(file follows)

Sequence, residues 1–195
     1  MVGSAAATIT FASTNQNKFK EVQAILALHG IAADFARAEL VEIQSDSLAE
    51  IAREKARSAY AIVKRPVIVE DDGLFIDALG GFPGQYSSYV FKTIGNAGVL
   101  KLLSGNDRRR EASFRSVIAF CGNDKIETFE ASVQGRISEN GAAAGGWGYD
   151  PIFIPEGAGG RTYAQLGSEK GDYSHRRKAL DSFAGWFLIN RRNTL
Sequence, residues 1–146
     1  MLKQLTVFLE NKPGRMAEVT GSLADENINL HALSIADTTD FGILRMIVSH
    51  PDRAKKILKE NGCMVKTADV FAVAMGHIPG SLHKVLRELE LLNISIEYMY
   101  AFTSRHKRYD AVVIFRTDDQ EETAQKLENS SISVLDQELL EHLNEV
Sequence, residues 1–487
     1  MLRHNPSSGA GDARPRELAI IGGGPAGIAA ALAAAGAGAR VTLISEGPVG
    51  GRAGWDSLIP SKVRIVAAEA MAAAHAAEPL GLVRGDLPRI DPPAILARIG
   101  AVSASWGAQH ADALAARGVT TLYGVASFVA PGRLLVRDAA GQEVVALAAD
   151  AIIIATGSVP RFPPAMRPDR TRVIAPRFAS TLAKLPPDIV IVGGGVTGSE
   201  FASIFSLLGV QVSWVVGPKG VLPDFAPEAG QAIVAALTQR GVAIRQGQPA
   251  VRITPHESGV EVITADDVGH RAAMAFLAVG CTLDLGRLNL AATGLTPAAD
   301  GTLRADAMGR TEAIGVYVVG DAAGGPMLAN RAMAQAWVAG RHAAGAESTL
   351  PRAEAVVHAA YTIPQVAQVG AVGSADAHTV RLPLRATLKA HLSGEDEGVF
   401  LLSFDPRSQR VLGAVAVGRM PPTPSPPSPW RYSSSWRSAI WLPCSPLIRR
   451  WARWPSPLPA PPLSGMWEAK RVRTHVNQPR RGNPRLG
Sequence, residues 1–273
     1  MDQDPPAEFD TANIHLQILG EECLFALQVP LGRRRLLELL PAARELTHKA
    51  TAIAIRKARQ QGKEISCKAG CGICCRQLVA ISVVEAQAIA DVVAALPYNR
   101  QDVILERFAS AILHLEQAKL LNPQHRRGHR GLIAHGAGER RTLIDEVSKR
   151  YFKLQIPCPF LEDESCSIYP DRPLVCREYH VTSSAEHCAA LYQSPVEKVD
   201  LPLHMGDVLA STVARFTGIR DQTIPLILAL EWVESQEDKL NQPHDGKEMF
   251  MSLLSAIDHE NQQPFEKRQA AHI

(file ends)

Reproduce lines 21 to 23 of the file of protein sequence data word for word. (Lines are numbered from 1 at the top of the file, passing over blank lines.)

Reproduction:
Sequence, residues 1–273
     1  MDQDPPAEFD TANIHLQILG EECLFALQVP LGRRRLLELL PAARELTHKA
    51  TAIAIRKARQ QGKEISCKAG CGICCRQLVA ISVVEAQAIA DVVAALPYNR